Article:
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A Dictionary of Greek and Roman biography and mythology (ed. William Smith) 70 70 Browse Search
Frank Frost Abbott, Commentary on Selected Letters of Cicero 12 12 Browse Search
J. B. Greenough, G. L. Kittredge, Select Orations of Cicero , Allen and Greenough's Edition. 6 6 Browse Search
M. Tullius Cicero, Letters to Atticus (ed. L. C. Purser) 4 4 Browse Search
Frank Frost Abbott, Commentary on Selected Letters of Cicero 4 4 Browse Search
J. B. Greenough, G. L. Kittredge, Select Orations of Cicero , Allen and Greenough's Edition. 3 3 Browse Search
E. T. Merrill, Commentary on Catullus (ed. E. T. Merrill) 3 3 Browse Search
M. Tullius Cicero, Epistulae ad Familiares (ed. L. C. Purser) 2 2 Browse Search
M. Tullius Cicero, De Officiis: index (ed. Walter Miller) 2 2 Browse Search
Samuel Ball Platner, Thomas Ashby, A Topographical Dictionary of Ancient Rome 1 1 Browse Search
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Browsing named entities in A Dictionary of Greek and Roman biography and mythology (ed. William Smith). You can also browse the collection for 57 BC or search for 57 BC in all documents.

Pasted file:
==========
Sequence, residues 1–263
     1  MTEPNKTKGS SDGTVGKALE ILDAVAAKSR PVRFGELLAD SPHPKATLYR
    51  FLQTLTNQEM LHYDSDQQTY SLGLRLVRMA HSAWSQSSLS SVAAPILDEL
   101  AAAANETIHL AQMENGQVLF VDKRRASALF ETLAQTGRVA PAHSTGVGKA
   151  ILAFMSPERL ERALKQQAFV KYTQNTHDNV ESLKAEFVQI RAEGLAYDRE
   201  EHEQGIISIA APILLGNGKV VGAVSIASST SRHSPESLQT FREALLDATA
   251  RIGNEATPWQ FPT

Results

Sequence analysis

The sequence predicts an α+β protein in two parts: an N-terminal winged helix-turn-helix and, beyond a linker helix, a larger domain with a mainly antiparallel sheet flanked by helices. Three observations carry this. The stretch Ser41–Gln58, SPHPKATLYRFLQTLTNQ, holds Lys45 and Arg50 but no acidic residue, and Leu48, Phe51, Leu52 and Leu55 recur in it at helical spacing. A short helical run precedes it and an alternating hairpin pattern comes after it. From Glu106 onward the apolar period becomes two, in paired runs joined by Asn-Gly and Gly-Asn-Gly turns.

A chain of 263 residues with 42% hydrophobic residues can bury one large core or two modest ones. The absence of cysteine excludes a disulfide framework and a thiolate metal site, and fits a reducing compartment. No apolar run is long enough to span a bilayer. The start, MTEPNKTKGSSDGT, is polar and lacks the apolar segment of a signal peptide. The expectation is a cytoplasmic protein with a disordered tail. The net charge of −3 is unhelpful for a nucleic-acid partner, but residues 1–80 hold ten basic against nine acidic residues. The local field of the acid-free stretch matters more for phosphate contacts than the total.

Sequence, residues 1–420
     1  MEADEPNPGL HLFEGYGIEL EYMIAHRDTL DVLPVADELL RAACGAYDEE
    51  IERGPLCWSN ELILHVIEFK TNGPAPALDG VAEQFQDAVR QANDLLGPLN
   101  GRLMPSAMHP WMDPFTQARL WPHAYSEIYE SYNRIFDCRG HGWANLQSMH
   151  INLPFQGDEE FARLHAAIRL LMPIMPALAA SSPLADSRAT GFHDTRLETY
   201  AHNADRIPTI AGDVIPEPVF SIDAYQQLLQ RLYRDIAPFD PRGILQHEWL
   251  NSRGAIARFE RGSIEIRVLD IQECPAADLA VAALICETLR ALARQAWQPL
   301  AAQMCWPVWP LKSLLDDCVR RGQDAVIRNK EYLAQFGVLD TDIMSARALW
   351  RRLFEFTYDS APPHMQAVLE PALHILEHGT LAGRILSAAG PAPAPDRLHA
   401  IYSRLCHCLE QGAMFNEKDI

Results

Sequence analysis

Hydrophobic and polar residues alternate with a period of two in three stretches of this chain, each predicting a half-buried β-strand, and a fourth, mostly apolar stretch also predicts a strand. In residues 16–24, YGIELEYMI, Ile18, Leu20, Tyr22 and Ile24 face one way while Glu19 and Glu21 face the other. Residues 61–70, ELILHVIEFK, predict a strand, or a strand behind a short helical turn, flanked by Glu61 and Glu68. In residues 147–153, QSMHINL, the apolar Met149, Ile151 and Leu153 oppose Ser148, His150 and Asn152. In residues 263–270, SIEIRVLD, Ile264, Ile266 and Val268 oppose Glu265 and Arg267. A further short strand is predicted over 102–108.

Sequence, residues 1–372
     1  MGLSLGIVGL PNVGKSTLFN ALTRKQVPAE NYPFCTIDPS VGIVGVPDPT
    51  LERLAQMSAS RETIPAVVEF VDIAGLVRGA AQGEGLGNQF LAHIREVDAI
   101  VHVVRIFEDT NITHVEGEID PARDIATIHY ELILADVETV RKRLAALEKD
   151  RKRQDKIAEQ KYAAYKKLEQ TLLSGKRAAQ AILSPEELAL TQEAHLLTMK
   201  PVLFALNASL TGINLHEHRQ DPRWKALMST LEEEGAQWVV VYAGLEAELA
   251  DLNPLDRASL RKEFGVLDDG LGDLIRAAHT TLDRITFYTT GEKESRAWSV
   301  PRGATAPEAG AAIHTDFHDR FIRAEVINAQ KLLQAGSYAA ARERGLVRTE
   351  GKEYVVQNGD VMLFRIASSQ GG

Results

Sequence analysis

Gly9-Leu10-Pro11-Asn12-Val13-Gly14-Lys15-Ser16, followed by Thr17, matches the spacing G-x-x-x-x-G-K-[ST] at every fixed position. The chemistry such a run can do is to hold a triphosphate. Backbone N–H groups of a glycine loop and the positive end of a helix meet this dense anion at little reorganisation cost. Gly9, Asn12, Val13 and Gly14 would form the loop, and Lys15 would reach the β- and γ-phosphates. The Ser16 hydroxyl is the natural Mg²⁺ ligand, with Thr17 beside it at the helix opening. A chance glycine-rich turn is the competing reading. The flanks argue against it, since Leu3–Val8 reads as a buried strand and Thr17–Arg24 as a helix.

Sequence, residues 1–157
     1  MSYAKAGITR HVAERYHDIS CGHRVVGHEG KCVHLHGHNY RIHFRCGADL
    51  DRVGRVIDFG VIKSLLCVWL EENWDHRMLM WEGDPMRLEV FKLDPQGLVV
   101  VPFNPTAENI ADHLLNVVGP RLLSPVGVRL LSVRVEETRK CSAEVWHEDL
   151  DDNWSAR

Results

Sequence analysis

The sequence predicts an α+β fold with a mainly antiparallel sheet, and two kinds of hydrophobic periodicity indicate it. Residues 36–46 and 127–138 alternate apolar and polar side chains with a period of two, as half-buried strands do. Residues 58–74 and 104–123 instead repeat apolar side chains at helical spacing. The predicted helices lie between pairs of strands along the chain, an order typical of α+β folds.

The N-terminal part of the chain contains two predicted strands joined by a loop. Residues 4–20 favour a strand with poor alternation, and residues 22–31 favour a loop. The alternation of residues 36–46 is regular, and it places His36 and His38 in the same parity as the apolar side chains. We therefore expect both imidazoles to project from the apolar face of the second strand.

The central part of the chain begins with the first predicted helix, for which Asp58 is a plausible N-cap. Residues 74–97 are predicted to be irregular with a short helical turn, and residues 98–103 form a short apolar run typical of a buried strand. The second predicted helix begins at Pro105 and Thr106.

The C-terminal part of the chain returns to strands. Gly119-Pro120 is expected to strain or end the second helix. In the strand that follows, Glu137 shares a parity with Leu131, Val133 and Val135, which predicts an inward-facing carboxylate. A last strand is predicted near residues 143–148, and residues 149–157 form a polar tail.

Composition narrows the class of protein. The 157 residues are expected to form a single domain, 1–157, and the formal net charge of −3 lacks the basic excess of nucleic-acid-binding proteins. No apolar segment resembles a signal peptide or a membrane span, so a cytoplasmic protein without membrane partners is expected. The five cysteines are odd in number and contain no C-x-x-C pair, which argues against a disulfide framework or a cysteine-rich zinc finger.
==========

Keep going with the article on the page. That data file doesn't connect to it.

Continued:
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Alexander (*)Ale/candros), the eldest son of ARISTOBULUS II., king of Judaea, was taken prisoner, with his father and brother, by Pompey, on the capture of Jerusalem (B. C. 63), but made his escape as they were being conveyed to Rome. In B. C. 57, he appeared in Judaea, raised an army of 10,000 foot and 1500 horse, and fortified Alexandreion and other strong posts. Hyrcanus applied for aid to Gabinius, who brought a large army against Alexander, and sent M. Antonius with a body of troops in advance. In a battle fought near Jerusalem, Alexander was defeated with great loss, and took refuge in the fortress of Alexandreion, which was forthwith invested. Through the mediation of his mother he was permitted to depart, on condition of surrendering all the fortresses still in his power. In the following year, during the expedition of Gabinius into Egypt, Alexander again excited the Jews to revolt, and collected an army. He massacred all the Romans who fell in his way, and besieged the rest,